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Nasty, Brutish and Short, Esq.

St. Schori-Up-The-Cream-Bun-and-Jam

Middlesex

My Dear NBS,

It has come to my attention in recent days that you are labouring under the belief that I banned a comment you made in response to one of my art-appreciation posts. (This one, I believe.)  Specifically, you appear to believe that I removed a remark you made on the subject of sex and further, that I did so because of a delicacy of feeling that has set in since I swam the Tiber.

Allow me to assure you, Sir, that such is not the case!

In the first place, apart from spam, I simply cannot recall deleting anyone’s comments here at TPSAYE.  I don’t get that many of them to begin with.  Why would I want to throw away such precious confirmation that someone out there actually reads this blog? (“Blogging just for myself” be damned!) Further, given that we have communicated for some time now and have several blog acquaintances in common, I should think that I especially would have remembered deleting a comment had you been the author, in the same manner that a barman might especially remember tossing out a valued patron. I’m getting old, but I’m not that old just yet.

I can only suggest that if you posted a comment to that particular entry and the comment did disappear, it must have been through some technical glitch with WordPress, and not through any deliberate action on my part.

In the second place, we must nip this insinuation of neo-Catholic prudery firmly in the bud.  I’m still just as red-blooded as the next fellah, even if I’m no longer a Palie.  And while it’s true that I am not fond of raw language and don’t use it myself,  that’s a matter of linguistic snobbery, not religious scruple.  I have no objection whatever to discussing what Mr. Peperium refers to as “boudoir gymnastics“. Bring on the acrobats, says I!

I hope that this clears up any misunderstanding that may have arisen.

Cordially,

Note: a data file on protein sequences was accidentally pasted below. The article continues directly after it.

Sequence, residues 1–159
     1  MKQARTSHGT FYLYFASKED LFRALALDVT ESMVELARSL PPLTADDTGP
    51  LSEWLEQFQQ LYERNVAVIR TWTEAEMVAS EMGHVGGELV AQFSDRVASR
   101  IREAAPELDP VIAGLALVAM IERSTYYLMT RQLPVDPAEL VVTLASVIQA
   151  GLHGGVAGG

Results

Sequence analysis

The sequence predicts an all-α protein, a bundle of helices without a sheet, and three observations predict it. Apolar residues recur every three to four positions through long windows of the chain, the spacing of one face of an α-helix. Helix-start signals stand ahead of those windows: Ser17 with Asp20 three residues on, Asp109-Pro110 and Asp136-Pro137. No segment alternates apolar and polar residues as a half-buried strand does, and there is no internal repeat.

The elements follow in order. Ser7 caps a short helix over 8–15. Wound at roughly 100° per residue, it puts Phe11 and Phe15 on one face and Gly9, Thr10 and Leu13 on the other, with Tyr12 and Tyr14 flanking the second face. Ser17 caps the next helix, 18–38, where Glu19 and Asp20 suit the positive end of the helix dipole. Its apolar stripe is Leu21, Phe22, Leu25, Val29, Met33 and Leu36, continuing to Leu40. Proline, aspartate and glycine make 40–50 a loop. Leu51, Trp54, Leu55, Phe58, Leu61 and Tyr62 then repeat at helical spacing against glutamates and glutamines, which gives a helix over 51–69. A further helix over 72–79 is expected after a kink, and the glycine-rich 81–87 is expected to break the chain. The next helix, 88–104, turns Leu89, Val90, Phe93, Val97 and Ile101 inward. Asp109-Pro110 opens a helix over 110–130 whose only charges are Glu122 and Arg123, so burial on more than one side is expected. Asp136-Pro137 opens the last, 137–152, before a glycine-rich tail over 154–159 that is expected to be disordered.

Robbo

P.S. And yes, Mrs. P is coming for you. Resistence, if I may say so, is futile.

Neil McCormick on Britney Spears:

Britney Spears has launched two new perfumes for Christmas called Curious and Fantasy. Presumably Lipsync and Paparazzi were already taken.

My bed ridden mother-in-law called to ask if I could pick some up as a present for one of her grand-daughters. What, indeed, could be a more appropriate gift for the impressionable teenage girl in your life than the aromatic essence of a burned out, twice divorced, ex-Mickey Mouse club sexpot recovering from a nervous breakdown? Hey, she may have lost custody of her own kids, but that’s no reason to keep her away from yours.

Indeed.

My long-range strategy for healthy child-rearing includes a high-priority program to instill in their growing minds the idea that “celebrity” is a dirty word.

Tonight the eldest gel and I will begin one of my very favorite chapters in the whole LOTR trilogy, namely Chapter 9 of The Two Towers, “Flotsam and Jetsom”.  I’ve always loved the temporary sense of relaxation as the surviving members of the Fellowship (less Frodo and Sam, of course) are reunited at the ruins of Isengard and are able to lounge about as Merry and Pippin recount the tale of their adventures with the Ents.   I have always been particularly moved when Aragorn settles down, stretches out his legs and takes a long pull at his pipe:

“Look!” says Pippin, “Strider the Ranger has come back!”

“He has never been away,” said Aragorn. “I am Strider and Dunedain too, and I belong both to Gondor and the North.”